We did some walking and…..

 The last few days, from the moment I stepped out of the albergue in Arca toward Santiago, have passed with a serge of emotions I cannot explain. So I wanted to wait awhile so I could gather my thoughts. Our hearts were beating fast in anticipation of our arrival in Santiago, our destination for this journey. We passed a town called Lavacolla where ancient pilgrims stopped and washed themselves in the river to purify their bodies before entering Santiago. Today an array of modern housing developments have reduced the river into a small stream and of course, any kind of washing is prohibited. Nonetheless, J and I paused a few moments on a street and prayed…..Asperges me; wash us O Lord; pure and white like snow and gentle and loving like your heart.
We contined onward through the frosted fields of Lavacolla and found ourselves climbing  Monte Gozo, the Mountain of Joy where ancient pilgrims caught the first sight of the Cathedral of Santiago. I thought for sure I wiould cry when we reached the cathedral. I thought for sure that my emotions would serge after walking 34 days but I was actually as calm as a placid ocean. Or, should I say I was numb, unable to express how I was feeling. I watched J kneeling down front of the cathedral; I watched many of pilgrims shouting for joy, exchanging hugs and congratulating each other but I was unable to say or do anything at all. I quickly climbed up the stairs and into the cathedral, found a pew and knelt down and stayed there for a very long time. The next three days passed by, doing some planning on how we should go about the next leg of our journey. J and I talked about our need to walk on further to Finisterre and Muxia. The only reason I could find to justify the trip was that I just did not feel that this jouney would be completed until we reached Finisterre, the end of the earth.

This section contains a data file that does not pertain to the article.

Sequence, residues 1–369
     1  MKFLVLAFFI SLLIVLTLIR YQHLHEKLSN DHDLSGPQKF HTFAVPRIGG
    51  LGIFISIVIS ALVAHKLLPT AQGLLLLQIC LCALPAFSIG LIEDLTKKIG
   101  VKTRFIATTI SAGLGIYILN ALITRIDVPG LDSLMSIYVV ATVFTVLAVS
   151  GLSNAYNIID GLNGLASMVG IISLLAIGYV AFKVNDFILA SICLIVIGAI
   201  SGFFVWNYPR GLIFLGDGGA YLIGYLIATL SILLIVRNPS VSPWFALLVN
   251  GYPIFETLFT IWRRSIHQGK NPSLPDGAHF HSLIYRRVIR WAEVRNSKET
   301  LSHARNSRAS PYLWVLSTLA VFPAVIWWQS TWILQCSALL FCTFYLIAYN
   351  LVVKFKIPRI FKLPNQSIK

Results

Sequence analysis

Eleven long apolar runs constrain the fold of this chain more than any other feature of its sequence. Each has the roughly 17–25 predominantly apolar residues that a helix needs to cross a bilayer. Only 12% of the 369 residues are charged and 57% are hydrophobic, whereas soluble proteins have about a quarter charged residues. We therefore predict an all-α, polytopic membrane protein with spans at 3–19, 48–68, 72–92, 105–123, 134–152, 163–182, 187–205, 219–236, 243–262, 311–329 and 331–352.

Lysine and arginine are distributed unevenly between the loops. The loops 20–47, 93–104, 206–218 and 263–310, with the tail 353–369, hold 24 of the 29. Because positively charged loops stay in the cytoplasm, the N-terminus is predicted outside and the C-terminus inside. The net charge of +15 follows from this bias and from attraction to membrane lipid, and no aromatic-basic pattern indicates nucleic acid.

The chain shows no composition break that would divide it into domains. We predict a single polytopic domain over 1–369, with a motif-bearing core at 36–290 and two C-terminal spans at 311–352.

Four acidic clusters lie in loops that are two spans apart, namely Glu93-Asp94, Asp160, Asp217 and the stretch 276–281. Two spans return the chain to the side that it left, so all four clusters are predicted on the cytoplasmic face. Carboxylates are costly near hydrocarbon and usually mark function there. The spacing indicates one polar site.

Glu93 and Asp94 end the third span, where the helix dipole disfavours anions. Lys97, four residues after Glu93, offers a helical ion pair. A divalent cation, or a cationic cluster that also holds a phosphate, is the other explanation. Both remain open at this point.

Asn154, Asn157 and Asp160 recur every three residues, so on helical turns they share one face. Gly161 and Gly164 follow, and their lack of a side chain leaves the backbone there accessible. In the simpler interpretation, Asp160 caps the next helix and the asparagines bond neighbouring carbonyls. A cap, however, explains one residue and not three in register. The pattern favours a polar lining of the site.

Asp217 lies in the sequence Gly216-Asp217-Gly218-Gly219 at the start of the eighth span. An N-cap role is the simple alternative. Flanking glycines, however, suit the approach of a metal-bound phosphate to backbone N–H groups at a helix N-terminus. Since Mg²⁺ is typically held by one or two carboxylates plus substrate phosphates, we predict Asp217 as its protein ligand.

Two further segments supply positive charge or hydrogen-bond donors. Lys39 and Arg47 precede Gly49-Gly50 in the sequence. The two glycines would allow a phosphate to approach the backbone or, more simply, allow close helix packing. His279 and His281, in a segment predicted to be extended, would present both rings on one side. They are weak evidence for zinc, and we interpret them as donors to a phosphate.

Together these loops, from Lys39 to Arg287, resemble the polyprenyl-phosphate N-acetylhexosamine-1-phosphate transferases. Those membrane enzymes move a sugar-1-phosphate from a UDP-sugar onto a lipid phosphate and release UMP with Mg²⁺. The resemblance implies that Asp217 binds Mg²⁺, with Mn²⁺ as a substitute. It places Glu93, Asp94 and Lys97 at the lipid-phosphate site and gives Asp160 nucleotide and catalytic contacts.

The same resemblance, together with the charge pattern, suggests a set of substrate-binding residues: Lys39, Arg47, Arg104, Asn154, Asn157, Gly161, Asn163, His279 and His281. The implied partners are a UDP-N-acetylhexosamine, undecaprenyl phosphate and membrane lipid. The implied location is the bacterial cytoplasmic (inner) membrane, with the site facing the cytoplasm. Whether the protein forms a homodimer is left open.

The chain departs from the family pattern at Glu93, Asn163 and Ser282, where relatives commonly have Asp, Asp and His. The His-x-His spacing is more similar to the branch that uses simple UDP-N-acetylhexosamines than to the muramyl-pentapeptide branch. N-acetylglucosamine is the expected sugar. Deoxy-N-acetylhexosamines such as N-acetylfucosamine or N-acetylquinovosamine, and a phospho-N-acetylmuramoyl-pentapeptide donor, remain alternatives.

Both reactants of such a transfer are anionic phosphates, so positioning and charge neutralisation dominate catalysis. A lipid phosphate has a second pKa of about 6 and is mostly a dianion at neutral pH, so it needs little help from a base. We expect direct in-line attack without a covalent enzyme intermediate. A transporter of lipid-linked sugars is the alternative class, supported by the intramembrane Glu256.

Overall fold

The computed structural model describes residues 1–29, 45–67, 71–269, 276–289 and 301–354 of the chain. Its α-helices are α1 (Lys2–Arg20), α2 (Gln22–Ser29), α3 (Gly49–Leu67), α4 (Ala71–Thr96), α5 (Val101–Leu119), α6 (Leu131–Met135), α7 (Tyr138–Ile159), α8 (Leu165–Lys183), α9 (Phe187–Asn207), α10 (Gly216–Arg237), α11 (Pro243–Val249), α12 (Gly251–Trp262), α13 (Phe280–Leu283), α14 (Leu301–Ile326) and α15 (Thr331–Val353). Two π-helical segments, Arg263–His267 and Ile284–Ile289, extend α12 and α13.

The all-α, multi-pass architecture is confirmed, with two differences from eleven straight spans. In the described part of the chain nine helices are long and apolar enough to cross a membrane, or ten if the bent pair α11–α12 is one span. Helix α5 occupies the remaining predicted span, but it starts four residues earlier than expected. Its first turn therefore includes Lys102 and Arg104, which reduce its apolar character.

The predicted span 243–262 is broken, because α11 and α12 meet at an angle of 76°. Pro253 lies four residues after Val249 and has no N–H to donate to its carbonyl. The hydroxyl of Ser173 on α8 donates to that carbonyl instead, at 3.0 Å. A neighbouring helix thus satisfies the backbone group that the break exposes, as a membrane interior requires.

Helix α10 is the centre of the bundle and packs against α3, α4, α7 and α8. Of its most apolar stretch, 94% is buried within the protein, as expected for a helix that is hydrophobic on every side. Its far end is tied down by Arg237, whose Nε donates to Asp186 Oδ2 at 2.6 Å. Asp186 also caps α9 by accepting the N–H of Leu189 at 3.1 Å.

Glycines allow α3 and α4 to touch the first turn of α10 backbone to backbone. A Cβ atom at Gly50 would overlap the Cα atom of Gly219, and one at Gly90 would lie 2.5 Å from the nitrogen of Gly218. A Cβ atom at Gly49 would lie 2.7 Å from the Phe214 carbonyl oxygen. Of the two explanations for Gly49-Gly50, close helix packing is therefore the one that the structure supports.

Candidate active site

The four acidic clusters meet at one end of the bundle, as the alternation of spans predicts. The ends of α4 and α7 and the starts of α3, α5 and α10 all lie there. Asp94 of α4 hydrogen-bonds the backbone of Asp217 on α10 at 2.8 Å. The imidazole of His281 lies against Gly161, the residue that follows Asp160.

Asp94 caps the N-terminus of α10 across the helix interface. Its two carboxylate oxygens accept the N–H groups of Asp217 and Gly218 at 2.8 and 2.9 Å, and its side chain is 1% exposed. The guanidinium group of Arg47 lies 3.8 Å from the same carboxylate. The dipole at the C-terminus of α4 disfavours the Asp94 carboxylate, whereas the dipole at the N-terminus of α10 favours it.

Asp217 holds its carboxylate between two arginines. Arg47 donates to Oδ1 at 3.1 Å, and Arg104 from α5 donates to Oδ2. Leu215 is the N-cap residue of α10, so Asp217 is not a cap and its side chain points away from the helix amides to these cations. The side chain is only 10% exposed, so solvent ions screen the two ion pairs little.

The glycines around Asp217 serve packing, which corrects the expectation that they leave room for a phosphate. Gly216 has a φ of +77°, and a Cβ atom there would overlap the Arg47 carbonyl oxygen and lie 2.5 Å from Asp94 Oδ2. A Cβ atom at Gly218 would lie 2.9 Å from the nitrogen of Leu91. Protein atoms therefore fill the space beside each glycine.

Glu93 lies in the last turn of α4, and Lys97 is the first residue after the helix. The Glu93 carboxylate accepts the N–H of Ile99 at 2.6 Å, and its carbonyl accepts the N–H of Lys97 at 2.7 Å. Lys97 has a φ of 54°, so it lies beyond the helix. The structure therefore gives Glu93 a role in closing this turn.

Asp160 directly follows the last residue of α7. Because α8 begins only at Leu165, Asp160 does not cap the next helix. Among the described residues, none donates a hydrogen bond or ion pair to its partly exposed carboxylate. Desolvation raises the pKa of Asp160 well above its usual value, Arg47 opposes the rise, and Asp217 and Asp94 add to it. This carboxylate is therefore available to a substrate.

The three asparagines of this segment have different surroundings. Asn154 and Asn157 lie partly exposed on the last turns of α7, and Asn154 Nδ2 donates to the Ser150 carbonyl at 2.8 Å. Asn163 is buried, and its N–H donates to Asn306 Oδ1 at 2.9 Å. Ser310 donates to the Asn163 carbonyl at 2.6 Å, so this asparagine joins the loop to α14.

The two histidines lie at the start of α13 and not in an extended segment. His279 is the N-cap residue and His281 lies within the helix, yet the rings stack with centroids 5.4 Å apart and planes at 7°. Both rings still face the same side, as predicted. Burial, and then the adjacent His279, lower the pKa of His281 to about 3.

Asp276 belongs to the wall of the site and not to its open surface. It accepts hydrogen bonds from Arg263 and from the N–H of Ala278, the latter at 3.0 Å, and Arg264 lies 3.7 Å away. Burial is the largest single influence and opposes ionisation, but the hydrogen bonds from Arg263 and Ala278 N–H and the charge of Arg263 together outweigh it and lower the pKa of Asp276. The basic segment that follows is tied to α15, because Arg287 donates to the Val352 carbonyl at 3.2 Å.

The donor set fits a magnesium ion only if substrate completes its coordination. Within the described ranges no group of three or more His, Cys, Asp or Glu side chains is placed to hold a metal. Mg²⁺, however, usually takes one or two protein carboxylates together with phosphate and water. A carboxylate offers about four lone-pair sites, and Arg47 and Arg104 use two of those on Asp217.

When we set out for Negreira on January 24th, our first stop on the Camino Fisterre, I felt I was picking up a cold, and by the next day, during a 36K walk to Olveiroa, I was under its grip. Nevertheless, we pushed on and reached Finisterre on the 27th. On our way up to the Faro, the light house at Finisterre, another 3.5K hike up a hill, J stopped for a few pictures but I did not. Tears were streaming down on my face, a sense of happiness mixed with a sense of helplessness overcame me. Now what, Lord? I traveled over so many hills and valleys to feel closer to You. I am here now. What do I need to do and where do I need to go? In that feeling of chaos, I thought about the many miles we walked and the many people we have encountered during this Camino. “We begin this Camino as walkers but return home as pilgrims”; “I am definitely not doing this for religious reasons but I would like myself to be changed somehow, at the end of this Camino”; “I was doing what people wanted me to do for last 27 years. I want to find myself and that is the reason I am here”; “Me! I am working on me and that is the best thing I have ever done in my whole life!”; “Camino provides. Don´t worry but just start walking”. These are some of the words I heard from my fellow pilgrims on the road. I also thought about what would the pilgrims of old, from many centries ago would say to me. I stood on a rock, at the end of the earth, looking at the far horizon while bracing against the gusty wind, I thought for sure I heard them say, “be still”, “you are the result of our longing”. I felt a smile spreading across my face. Perhaps, I now know. But then Lord, will I have ears to hear You?

Flying the botafumeiro at the Cathedral in Santiago